2) A milestone moment – the very first painting

Those chubby little fingers gripping a paintbrush and dipping it in the pot of paint, before grabbing the end of the brush and feeling the slippery texture of the paint between their fingers. Some of the paint ended up on the paper; most of it ended up on the child! The finished result – general splodges on a piece of paper but treasured nonetheless.

The very first painting - 5 types of baby, toddler and preschooler paintings - Little Hearts, Big Love

 

3) Abstract art

The stage of getting more used to painting with a brush or fingers, stamping with cookie cutters, cut-out potatoes or sponges or using anything else with interesting shapes or textures. Creating lots of colourful pictures which were declared to be “animals” or “Mummy” or whatever word happened to come into their head at the time. Sometimes if you squinted at it for ages, you might have seen some vague pictures in amongst the swirls of colour, a bit like looking for pictures in the clouds. Sometimes the paintings even ended up looking vaguely like what they were described as being although this was maybe more luck than design.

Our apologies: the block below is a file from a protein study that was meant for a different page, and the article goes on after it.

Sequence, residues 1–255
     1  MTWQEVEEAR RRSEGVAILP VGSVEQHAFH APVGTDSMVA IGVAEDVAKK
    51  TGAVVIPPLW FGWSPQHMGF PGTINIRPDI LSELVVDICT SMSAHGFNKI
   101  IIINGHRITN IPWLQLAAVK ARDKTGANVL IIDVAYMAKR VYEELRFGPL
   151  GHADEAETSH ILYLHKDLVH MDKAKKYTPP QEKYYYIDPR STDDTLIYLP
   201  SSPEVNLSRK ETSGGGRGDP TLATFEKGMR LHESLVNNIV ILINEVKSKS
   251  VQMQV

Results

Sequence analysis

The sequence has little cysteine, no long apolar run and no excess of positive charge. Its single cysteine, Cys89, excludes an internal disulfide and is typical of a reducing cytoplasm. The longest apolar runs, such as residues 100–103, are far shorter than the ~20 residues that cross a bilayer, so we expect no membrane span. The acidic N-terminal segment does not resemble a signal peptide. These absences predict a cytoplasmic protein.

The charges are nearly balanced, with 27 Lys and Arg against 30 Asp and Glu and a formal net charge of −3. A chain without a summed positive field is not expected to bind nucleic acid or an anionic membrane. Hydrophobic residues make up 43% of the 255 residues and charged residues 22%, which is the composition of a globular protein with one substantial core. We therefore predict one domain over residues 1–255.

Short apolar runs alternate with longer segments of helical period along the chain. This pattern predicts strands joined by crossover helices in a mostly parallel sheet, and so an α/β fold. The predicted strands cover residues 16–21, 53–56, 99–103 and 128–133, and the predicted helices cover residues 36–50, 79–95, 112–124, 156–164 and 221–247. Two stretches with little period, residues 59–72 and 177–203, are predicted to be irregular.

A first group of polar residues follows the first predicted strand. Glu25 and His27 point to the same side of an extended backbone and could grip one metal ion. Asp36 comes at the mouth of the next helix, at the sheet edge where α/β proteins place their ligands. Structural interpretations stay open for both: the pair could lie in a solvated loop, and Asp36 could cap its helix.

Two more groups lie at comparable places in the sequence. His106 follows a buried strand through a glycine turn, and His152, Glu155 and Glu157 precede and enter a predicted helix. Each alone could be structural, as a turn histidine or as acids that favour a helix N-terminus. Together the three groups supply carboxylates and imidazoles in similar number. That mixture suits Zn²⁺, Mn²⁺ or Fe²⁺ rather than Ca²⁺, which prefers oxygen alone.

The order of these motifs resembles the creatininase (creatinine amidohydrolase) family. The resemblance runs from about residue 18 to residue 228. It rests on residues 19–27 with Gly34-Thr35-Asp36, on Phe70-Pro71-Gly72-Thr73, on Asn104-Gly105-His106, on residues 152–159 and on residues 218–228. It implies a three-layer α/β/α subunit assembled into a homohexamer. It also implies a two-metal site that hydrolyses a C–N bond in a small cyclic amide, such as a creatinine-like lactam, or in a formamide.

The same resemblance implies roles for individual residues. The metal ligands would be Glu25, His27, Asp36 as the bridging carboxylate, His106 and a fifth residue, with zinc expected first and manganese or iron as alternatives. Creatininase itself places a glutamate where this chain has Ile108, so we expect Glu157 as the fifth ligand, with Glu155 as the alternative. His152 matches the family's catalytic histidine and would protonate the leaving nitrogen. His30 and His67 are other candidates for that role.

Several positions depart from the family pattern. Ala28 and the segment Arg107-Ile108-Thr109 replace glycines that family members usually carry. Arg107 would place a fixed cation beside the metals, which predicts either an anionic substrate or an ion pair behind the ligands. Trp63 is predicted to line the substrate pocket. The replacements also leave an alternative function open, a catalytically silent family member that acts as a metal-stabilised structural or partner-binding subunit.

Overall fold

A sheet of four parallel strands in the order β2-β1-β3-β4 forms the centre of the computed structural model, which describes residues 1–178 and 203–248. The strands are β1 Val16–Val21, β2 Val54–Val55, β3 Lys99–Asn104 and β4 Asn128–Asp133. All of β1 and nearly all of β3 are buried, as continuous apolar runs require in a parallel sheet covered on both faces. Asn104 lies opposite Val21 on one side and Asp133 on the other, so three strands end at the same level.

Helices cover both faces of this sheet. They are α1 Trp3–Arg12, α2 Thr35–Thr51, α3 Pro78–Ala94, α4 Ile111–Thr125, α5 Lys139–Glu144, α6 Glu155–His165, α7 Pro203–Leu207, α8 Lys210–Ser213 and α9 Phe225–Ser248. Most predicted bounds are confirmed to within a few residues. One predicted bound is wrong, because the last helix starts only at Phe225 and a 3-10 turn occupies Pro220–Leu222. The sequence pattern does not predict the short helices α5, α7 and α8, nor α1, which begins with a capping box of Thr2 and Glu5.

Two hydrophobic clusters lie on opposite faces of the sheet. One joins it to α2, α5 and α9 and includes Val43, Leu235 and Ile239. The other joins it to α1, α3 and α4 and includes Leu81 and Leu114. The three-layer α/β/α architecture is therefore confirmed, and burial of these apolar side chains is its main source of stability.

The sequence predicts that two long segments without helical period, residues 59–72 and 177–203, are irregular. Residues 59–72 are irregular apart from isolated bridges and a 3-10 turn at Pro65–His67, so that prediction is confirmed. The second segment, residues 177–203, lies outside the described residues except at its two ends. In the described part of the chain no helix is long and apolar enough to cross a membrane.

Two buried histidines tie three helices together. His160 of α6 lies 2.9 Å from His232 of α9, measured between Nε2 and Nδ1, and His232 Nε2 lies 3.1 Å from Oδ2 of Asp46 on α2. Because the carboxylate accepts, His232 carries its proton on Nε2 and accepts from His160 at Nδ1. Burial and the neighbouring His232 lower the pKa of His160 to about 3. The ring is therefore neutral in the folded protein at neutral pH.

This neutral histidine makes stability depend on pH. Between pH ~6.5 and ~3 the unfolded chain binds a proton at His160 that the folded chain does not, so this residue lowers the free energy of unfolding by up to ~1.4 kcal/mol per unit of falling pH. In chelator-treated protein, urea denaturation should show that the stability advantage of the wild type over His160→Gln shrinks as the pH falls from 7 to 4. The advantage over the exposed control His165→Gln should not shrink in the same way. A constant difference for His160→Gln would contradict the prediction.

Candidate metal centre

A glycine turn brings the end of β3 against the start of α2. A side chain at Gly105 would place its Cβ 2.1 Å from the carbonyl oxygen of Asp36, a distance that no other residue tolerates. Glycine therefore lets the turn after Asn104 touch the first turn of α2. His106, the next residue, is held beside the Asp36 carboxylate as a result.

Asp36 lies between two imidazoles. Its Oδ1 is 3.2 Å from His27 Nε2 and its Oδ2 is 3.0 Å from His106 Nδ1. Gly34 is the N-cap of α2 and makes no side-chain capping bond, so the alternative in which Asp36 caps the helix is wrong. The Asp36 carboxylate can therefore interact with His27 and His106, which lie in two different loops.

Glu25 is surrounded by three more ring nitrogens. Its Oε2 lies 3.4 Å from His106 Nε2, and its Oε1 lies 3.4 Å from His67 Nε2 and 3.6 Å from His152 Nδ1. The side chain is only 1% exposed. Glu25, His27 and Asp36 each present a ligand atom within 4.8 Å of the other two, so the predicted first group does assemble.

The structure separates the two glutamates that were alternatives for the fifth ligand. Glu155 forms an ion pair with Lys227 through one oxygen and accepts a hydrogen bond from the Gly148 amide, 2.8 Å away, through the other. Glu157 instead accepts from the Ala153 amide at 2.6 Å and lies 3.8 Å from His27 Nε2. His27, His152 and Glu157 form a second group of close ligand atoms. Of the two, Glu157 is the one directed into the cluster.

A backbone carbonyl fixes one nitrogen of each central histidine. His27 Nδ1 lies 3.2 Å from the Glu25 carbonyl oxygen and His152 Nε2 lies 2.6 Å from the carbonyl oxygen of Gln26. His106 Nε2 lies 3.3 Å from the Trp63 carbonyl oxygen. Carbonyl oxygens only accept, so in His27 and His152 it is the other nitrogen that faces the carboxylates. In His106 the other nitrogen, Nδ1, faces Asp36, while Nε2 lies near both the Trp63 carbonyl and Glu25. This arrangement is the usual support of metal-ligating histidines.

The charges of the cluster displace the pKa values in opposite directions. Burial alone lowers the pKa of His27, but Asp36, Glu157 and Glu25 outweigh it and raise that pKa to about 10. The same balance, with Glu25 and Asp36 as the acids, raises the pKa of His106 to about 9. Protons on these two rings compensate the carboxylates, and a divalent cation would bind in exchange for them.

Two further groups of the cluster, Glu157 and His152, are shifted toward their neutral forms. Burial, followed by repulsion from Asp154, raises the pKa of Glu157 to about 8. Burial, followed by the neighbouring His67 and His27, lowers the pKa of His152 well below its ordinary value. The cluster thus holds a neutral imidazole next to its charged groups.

Abstract art - 5 types of baby, toddler and preschooler paintings - Little Hearts, Big Love

 

4) Muddy brown splodges

Ah the joy of mixing colours into one big swirl of muddy brown and covering the entire piece of paper with it! One of those pictures where your little one holds it up, proudly announced “finished” and you smile broadly and say “oh that’s lovely, darling!” while mentally deciding that this one will end up in the recycling sooner rather than later!

 

5) Recognisable pictures

That proud moment when your child paints something that is recognisable for the first time. Their picture of Mummy might have a huge mouth, green hair and elephant ears sticking out of the side of her head but it’s clearly supposed to be a person at least.